How Parsi Immigrant Community Builds Support Network - Nina Godiwalla

In Chapter 6 of 14 in her 2010 Capture Your Flag interview, author Nina Godiwalla answers "What does it mean to be Persian-Indian-American living in the United States today?" Godiwalla connects her ancient Persian-Indian, or Parsi, culture to modern times through experiencing the benefits of immigrant community support across the United States.  Descended from 10th century Iranian Zoroastrians who immigrated to India and, the United States based Parsi culture is small and extremely close-knit. The culture values achievement and organizes a network to promote successful community members.  Godiwalla experiences this first hand as she relocates to Philadelphia to enter MBA studies at the University of Pennsylvania Wharton School of Business.  Unexpected support provides Godiwalla firm footing to successfully transition into a new home and school.

Nina Godiwalla is the author of "Suits: A Woman on Wall Street" and the founder and CEO of Mindworks, a provider of leadership, stress management, and diversity training programs. Before starting her business and writing her book, Godiwalla worked at Johnson & Johnson and Oxygen Media and investment banking at Morgan Stanley. Godiwalla earned an MBA from Wharton, a MA from Dartmouth and a BBA from the University of Texas.


Erik: What does it mean to be a Persian-Indian-American living in the United States today?

Nina: Persian-Indian is kind of an easier way of explaining it to people what it is; it’s actually called, it’s called Parsi is the name of the community and it’s really based off of a religious background, it’s Zoroastrianism, which is, what I -- the way I describe it is some people remember the word cause you remember you learned it in your seventh grade history class, it was literally a vocabulary word as I remember it and it’s a very, very ancient religion that was based out of ancient Persia and it was a very prominent religion thousands of years ago. There’s a group of people, some of them stayed but some of them fled and moved to India and those people are called Parsis, they’re originally Persians and they fled to India but this was a very long time ago, like maybe a thousand years ago or so.

So that group has a mixed culture, because their ancestry is Persian, their culture is Indian and my parents, they grew up in India and then we were born and raised -- their kids were born and raised in America so I was born here and it’s a very small community, there’s only about a hundred -- the numbers are all crazy but about two hundred thousand in the world today. When they moved to the US, you tend to move to the cities where the other ones live because everybody helps each other out and so they’re in the largest cities, Houston, my parents came to Houston because it’s one of the places where there is this very tight Parsi community. And one of the things I’ve found from my experience is that they’re very focused on achievement and people being successful and just as immigrants, I think the combination of my parents being immigrants and going through such difficult times, and growing up in a community where, it’s also a community that is very tight and wants, I’ve found, people to be successful, their community members to be very successful.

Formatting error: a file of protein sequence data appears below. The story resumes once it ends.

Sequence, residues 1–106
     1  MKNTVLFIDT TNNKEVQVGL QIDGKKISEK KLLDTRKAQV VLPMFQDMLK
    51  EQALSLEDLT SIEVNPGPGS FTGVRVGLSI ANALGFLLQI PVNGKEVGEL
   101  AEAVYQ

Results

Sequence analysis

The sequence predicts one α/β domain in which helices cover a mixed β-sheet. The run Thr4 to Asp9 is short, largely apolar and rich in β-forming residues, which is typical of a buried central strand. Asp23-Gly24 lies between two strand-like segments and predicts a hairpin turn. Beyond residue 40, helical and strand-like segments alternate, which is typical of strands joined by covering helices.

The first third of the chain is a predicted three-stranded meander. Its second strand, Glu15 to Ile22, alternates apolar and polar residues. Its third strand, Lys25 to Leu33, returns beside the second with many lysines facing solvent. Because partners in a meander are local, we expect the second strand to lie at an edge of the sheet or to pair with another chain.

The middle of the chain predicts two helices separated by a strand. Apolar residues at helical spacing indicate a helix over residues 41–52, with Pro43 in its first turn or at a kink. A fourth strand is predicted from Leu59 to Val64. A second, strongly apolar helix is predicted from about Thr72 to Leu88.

The combination has been this incredible support system for me and every moment, like when I got an internship in New York City and we’d never -- I’d never been to New York City, we didn’t know anything about it, it was scary when you’re coming out of this tiny little suburb in Houston. I had a whole ‘nother community over there that was going to support me, somebody gave a place, one of our what we call “aunties” gave me a place to live and for free, she was just like ‘Absolutely we want you, you got a job here, this is fantastic come live with me for free, I want you to succeed, I want things to go well for you’. People would throw me birthday parties, I mean I’d never met these people. It’s just, you know, it’s just that kind of environment of, and my husband is in Mauritius right and he, somebody learned that he, he met a Parsi person and he mentioned ‘Oh my wife is Parsi’ and she was like ‘Well come on over! Come to our house!’ and it’s that kind of environment wherever you are in the world somebody’s going to invite you to their house if they know what you are and I actually, I was very insistent about keeping my last name because it actually, people find you, like the Parsis find you.

When I went to business school and I was Wharton I got an email within my first two weeks of being there and there’s so few Parsi but like one woman from some side of the Penn side emailed me and said ‘I found the two or three Parsis that were, like, enrolled this year’ and it was just this fascinating thing and then of course she had like little events for us and she kind of hosted us and it’s just this really fascinating, like, very unusual for modern day to grow up in that kind of a community.